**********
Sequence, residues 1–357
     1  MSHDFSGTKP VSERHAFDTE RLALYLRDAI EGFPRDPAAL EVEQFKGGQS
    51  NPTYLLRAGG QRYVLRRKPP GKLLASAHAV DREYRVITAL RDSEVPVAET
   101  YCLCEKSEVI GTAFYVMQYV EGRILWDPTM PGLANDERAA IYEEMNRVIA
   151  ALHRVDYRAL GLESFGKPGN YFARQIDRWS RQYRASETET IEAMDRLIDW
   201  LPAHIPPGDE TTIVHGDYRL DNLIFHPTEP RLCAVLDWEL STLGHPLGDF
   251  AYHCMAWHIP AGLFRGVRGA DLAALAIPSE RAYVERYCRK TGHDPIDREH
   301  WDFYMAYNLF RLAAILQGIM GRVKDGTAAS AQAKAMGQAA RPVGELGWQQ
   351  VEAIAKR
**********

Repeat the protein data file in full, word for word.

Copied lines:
Sequence, residues 1–357
     1  MSHDFSGTKP VSERHAFDTE RLALYLRDAI EGFPRDPAAL EVEQFKGGQS
    51  NPTYLLRAGG QRYVLRRKPP GKLLASAHAV DREYRVITAL RDSEVPVAET
   101  YCLCEKSEVI GTAFYVMQYV EGRILWDPTM PGLANDERAA IYEEMNRVIA
   151  ALHRVDYRAL GLESFGKPGN YFARQIDRWS RQYRASETET IEAMDRLIDW
   201  LPAHIPPGDE TTIVHGDYRL DNLIFHPTEP RLCAVLDWEL STLGHPLGDF
   251  AYHCMAWHIP AGLFRGVRGA DLAALAIPSE RAYVERYCRK TGHDPIDREH
   301  WDFYMAYNLF RLAAILQGIM GRVKDGTAAS AQAKAMGQAA RPVGELGWQQ
   351  VEAIAKR